Stephen Gerrits works at SharpRank part-time for approximately eight to ten hours a week and gets compensated in bitcoins. His scope involves convincing people to download the company’s sports app on their phones and getting paid per download.
He claims that due to price appreciation, he has probably made the same or more in crypto than he would have in cash, but he is unsure due to the significant volatility in crypto’s value.
Gerrits said of his cryptocurrency account, “I probably check it like three times a week.” “For the most part, I just tried to let it rest, although it’s kind of fascinating to see when it’s rising — and then not so much.” He views the money from this work as an investment because he has other finances to cover rent and needs.
His company sees it as a method to recruit top talent. SharpRank, an independent oddsmaker rating organisation, employs “campus captains,” influential college students, as brand ambassadors and to expand its user base. SharpRank, unlike Redbull, Lyft, or Apple, does not have a real product to discount or give away.
“When they [potential employees] looked at what we were doing as a startup, we wanted to differentiate ourselves from the pack,” said Chris Adams, SharpRank’s founder and CEO.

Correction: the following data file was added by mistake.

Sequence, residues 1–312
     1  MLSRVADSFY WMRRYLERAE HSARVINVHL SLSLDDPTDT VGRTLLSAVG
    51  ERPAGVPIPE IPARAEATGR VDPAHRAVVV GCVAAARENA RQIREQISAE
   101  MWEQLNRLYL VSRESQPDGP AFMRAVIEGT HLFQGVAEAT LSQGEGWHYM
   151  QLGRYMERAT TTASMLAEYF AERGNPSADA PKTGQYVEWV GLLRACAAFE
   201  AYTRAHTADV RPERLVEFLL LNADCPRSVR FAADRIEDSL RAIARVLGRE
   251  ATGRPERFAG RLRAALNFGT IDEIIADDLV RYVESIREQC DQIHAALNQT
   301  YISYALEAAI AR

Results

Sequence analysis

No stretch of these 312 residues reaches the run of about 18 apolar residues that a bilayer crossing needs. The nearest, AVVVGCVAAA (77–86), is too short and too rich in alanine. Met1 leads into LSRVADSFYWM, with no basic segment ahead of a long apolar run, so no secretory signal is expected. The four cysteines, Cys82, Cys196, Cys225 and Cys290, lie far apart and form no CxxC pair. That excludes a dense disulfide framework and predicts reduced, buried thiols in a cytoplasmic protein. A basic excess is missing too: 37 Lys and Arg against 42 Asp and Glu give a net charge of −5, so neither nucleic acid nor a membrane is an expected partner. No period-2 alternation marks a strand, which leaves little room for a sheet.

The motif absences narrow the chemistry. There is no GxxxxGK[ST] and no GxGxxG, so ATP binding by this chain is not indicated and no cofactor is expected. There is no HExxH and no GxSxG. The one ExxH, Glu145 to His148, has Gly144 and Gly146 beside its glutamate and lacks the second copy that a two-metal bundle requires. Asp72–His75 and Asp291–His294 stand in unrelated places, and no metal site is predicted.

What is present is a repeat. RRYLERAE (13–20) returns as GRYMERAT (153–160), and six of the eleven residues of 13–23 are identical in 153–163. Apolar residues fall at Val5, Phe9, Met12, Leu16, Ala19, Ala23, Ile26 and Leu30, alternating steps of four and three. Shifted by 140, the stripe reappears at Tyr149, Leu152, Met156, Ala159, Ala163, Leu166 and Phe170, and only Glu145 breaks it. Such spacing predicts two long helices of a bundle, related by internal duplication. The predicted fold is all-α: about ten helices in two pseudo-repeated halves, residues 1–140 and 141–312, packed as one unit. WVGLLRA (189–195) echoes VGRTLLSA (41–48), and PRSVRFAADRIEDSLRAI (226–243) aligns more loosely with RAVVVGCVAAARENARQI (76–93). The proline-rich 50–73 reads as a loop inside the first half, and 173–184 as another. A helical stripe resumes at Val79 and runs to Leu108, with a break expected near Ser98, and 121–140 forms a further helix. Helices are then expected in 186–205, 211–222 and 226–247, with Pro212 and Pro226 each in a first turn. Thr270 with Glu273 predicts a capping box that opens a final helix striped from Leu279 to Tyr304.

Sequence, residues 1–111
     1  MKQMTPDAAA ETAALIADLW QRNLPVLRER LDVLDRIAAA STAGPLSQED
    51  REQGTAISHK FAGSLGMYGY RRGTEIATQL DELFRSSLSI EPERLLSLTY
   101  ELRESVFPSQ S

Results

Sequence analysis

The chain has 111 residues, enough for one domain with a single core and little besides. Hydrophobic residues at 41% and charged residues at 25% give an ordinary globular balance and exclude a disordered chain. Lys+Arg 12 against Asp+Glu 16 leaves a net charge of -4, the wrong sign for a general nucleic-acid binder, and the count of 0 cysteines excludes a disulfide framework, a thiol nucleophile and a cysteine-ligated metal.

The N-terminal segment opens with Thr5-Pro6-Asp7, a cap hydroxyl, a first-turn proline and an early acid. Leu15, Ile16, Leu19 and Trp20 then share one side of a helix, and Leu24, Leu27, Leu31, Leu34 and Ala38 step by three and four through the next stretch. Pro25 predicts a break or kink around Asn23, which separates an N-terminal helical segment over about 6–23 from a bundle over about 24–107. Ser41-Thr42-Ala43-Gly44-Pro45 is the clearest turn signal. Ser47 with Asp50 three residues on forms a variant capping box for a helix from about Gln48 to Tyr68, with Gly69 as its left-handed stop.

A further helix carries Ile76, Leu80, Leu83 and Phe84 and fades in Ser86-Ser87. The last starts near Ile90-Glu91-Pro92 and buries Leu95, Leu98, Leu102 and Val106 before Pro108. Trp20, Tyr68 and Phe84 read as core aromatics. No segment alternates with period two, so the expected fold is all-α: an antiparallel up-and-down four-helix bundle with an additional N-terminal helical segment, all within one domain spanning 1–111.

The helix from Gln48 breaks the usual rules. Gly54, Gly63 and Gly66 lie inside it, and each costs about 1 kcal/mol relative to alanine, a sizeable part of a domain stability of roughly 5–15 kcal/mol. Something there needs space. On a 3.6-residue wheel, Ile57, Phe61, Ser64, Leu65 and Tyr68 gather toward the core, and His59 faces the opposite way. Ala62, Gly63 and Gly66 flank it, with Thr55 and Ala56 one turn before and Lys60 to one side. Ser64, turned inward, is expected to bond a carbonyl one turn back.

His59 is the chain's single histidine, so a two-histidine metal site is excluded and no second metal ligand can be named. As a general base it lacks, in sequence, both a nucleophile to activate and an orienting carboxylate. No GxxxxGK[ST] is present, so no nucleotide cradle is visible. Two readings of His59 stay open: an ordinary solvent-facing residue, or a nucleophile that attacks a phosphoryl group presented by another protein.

According to Adams, more than half of the company’s employees receive at least some of their income in cryptocurrency. When some employees discuss their professions, there appears to be extra value in terms of crypto’s “cool factor.”
The Internal Revenue Service (IRS) compels anyone who make money in cryptocurrency to pay tax on it, which can be tricky. Employees must disclose total pay in dollars, based on the cryptocurrency’s value on the day they were paid. This means that persons who were paid in cryptocurrency may have to pay taxes on income that has since depreciated in value.
More organisations are looking into paying salaries in digital tokens as more young people enter the workforce interested in getting paid in crypto, and as employers hunt for innovative methods to attract talent.
Crypto salaries are difficult to come by because to the complexity of wage regulations and taxation, but businesses are eager to figure it out. Phil Bauknight, chair of the Fisher Phillips Cryptocurrency and Blockchain Taskforce, said, “Options can be taken to assess and limit risk.” Firms should evaluate federal, state, and local regulations and ensure that they are documented.